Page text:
For more information on CAT tool technology and to discuss if this technology may be right for you, please contact us.

How long will it take to complete my translation project?
The time needed to complete a translation depends on a number of factors, including the length of the document (i.e., number of words), subject matter, and any formatting requirements. Generally speaking, the daily capacity for a translator is approximately 2,000 words per day, with additional time needed for editing/proofreading and review.

If you are under a tight deadline, however, we also offer expedited (“rush”) translation processing, which can often be completed within 24 hours, depending on the size and nature of the material to be translated. However, the more time you are able to allow for a translation to be completed and thoroughly reviewed, the better.

What languages do you translate?
We currently translate more than 200 languages and dialects. If you do not see your language listed in the list of languages [Link to Languages Page] on our website, just ask us and we can likely locate a resource to work on your project.

We want to expand our presence into international markets, but don’t know where to start. Can you help?
Yes, we can help!

According to a report by the Common Sense Advisory, 75% of respondents stated that they are more likely to buy a product or service if the product information is provided in their native language. This means that for companies or organizations looking to expand into an international market, they must have their content localized in order to be successful.

The first step is to contact us [Link to Contact Us/Request a Quote Page], along with your project description, and one of our localization project managers will be in touch with you to provide a consultation on the process, answer any questions you may have, and provide recommendations for the next steps.

If you are able to provide source files for the content you want to localize (preferably the source HTML or XML files themselves instead of a link to your website), we can also start to assemble a detailed cost analysis for you.

Our localization solutions are full-service, meaning that we will work with you on every step of the process, from the pre-project analysis through the translation, engineering, QA testing, and more. We can also provide extensive cultural, linguistic, and marketing consultation to help guide your broader localization and globalization strategy.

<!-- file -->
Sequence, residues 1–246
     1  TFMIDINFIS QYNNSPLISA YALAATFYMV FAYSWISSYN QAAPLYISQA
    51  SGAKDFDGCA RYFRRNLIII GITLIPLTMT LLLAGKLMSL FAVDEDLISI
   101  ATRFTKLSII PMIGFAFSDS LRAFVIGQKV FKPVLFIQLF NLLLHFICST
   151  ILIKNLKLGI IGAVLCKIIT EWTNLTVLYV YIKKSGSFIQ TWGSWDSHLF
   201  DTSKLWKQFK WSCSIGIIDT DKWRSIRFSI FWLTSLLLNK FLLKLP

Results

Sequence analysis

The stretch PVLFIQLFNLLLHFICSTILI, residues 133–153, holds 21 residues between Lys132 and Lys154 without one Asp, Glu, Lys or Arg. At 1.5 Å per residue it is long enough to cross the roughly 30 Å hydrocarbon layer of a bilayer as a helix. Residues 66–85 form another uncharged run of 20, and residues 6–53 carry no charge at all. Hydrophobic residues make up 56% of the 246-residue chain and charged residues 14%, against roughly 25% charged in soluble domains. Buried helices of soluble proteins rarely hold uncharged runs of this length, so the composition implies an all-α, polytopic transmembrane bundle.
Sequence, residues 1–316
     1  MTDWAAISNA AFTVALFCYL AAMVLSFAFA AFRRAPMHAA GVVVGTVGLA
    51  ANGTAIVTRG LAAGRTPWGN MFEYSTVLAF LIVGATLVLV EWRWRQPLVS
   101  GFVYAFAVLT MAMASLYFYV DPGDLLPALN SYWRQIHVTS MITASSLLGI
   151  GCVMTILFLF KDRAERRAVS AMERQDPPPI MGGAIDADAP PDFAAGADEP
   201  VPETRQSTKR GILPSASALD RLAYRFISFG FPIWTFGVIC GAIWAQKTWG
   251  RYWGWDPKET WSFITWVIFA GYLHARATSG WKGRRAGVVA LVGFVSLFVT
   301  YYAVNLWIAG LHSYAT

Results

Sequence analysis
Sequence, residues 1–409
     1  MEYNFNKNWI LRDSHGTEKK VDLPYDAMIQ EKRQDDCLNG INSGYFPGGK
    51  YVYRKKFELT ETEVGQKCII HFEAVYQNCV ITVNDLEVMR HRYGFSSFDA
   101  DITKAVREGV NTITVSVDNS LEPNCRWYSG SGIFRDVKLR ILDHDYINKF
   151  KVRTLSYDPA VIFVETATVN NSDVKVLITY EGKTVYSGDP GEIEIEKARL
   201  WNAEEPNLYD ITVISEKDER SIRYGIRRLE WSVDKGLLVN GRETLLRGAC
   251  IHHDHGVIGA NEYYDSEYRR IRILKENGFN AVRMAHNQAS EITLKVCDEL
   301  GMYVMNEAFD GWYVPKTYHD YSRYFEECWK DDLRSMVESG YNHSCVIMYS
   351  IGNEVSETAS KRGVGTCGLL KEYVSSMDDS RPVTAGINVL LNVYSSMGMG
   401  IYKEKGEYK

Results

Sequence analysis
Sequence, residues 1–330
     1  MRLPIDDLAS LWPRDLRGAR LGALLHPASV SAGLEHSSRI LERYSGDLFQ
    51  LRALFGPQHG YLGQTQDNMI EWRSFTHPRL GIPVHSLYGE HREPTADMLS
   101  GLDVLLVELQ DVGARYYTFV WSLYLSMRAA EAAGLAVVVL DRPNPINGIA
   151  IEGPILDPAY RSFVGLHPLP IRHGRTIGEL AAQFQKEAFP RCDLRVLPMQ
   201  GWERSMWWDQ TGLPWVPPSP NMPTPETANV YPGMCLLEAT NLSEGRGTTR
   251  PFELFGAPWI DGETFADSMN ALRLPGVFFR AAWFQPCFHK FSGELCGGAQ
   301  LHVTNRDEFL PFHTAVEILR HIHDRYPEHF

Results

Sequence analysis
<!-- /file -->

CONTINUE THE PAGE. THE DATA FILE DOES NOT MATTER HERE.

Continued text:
What is the difference between “Simplified” and “Traditional” Chinese?
When referring to written/document translation, the options are either “Simplified” or “Traditional” script. Generally speaking, “Simplified” script is appropriate for a target audience in China or Singapore, while “Traditional” script would be used for Taiwan or Hong Kong.

“Mandarin” and “Cantonese” refer to two of the main spoken dialects of Chinese, and not to the written forms of the language. The written form of the language is fairly standard, irrespective of “dialect,” and therefore is only classified only as “Simplified” or “Traditional.”

For translations intended for Chinese speakers in the United States, you would need to first determine where the largest proportion of Chinese speakers in the area originated from. For many years, “Traditional” script was the standard for written Chinese in the diaspora, but with the significant increase in immigration over the last two decades from Mainland China, that is no longer necessarily the case, and many Chinese translations are now offered in both “Simplified” and “Traditional” script.

Can you translate into different dialects of Spanish?
Yes, we can. The two main “dialects” of Spanish are Peninsular (Castilian) Spanish for Spain and Latin American Spanish. However, within each of those exist numerous sub-dialects specific to different countries and regions.

While we can translate into “Mexican Spanish” or “Colombian Spanish,” for example, the written language does not diverge as much as the spoken form of the language. Therefore, unless a translation is targeted for a specific country or region, we generally recommend a universal form of “Latin American Spanish” for translations to be used in Latin America, or Castilian Spanish for translations to be used in Spain.

If you have a question that has not been answered above, please contact us and we will be happy to help.